Land Grabbing, Forests & Finance Archives

Land Grabbing, Forests & Finance

One of the fastest growing drivers of deforestation, greenhouse gas emissions, and displacement of forest-dwelling communities is the expansion of industrial agricultural plantations across the tropics for the production of palm oil, soy, cattle and pulp and paper. These ingredients appear in thousands of everyday household goods that line supermarket shelves. Monoculture plantations are responsible for widespread forest destruction, loss of endangered species’ habitat, and increasingly violent land conflicts between companies and local — often Indigenous — communities.

Deforestation driven by industrial agriculture is second only to fossil fuel combustion as a leading driver of global climate change. Year after year the world watches as some of the planet’s greatest rainforests, from the Amazon to Indonesia to the Congo Basin burn to supply the industrial demand for agricultural commodities. On average, an area of forest cover the size of the United Kingdom was lost every year between 2014 and 2018.

While agribusiness and consumer companies play a central role in driving the industrial agricultural supply chains responsible for deforestation and human rights abuses, these companies are financed by powerful investors. Following the money, Friends of the Earth US advocates for financiers to use their leverage to force companies to change their practices, or shift investments away from companies and industries driving deforestation, land grabbing, and human rights abuses.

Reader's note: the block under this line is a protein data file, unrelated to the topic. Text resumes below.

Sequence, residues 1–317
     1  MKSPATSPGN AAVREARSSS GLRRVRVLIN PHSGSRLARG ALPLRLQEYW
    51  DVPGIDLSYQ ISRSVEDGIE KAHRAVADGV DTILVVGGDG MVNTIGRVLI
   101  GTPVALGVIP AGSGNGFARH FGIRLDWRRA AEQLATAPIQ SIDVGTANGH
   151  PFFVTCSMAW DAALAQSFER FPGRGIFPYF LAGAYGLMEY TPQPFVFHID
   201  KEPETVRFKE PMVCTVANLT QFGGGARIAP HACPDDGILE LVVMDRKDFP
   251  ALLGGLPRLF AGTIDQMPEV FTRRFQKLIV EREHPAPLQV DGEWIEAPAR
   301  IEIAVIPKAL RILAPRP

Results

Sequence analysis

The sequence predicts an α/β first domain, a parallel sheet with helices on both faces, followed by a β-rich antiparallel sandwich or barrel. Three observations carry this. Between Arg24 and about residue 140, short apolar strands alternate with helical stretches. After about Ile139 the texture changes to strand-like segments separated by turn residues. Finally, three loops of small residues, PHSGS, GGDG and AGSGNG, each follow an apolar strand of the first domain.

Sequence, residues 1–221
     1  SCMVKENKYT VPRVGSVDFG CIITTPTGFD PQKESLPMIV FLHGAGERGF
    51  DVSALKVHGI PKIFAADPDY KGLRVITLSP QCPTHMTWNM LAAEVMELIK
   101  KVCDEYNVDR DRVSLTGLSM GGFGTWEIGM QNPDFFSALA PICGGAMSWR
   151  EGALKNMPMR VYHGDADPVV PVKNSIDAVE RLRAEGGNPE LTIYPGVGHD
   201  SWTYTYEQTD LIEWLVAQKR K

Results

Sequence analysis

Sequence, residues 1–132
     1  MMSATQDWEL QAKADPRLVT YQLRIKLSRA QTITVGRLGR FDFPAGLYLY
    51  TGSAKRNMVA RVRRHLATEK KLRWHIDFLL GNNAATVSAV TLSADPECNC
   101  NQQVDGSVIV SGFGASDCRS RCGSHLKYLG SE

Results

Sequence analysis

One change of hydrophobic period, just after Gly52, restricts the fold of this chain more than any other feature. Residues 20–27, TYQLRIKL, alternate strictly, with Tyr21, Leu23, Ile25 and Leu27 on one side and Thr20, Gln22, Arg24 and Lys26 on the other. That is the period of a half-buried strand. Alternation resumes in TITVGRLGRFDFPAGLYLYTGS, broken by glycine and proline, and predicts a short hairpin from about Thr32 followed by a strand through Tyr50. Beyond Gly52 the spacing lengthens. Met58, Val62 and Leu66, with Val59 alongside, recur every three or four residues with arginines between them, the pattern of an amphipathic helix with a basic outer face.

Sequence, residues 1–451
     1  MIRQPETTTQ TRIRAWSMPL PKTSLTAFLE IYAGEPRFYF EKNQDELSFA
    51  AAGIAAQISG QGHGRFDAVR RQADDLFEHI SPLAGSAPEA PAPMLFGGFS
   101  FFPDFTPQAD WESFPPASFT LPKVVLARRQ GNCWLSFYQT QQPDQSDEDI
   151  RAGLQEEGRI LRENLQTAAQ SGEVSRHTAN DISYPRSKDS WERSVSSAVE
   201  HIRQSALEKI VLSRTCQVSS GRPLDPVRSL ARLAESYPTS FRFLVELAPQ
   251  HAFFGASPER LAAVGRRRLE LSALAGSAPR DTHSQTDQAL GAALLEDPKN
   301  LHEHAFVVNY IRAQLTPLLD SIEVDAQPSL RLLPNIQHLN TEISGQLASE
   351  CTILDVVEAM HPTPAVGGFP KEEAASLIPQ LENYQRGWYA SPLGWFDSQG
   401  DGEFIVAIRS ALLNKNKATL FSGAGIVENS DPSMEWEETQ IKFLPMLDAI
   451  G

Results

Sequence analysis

In recent years, some money managers have come to recognize their responsibility to halt deforestation, as both a business risk and a moral imperative. But NONE of the largest US investment firms have policies on deforestation and human rights to guide their investments and ensure they are not funding deforestation. We advocate for all institutional investors, asset managers and banks to adopt policies to protect forests and the Indigenous Peoples who depend upon and care for them.

Indigenous Peoples and local communities have proven to be the best protectors of forests and lands on which the entire planet depends. Recognizing and respecting land rights therefore must be an essential part of any strategy to mitigate the worst impacts of the climate crisis. We work in close collaboration with civil society organizations, local communities, and grassroots leaders on the frontlines of the global deforestation crisis to ensure that their land rights are at the heart of any solution.

See our investment principles for forests and human rights.

Featured Resources See All
Impact Stories See All
A Victory for Forests: Cargill Cuts Ties with Palm Oil Producer
A Victory for Forests: Cargill Cuts Ties with Palm Oil Producer

Friends of the Earth and our allies have pushed businesses and corporations to cut ties with abusive and destructive palm oil companies.

Nestlé Cuts Ties With Conflict Palm Oil
Nestlé Cuts Ties With Conflict Palm Oil

More than 40,000 Friends of the Earth members signed our petition urging Nestlé to cut ties with REPSA. And Nestlé responded.

Defunding Deforestation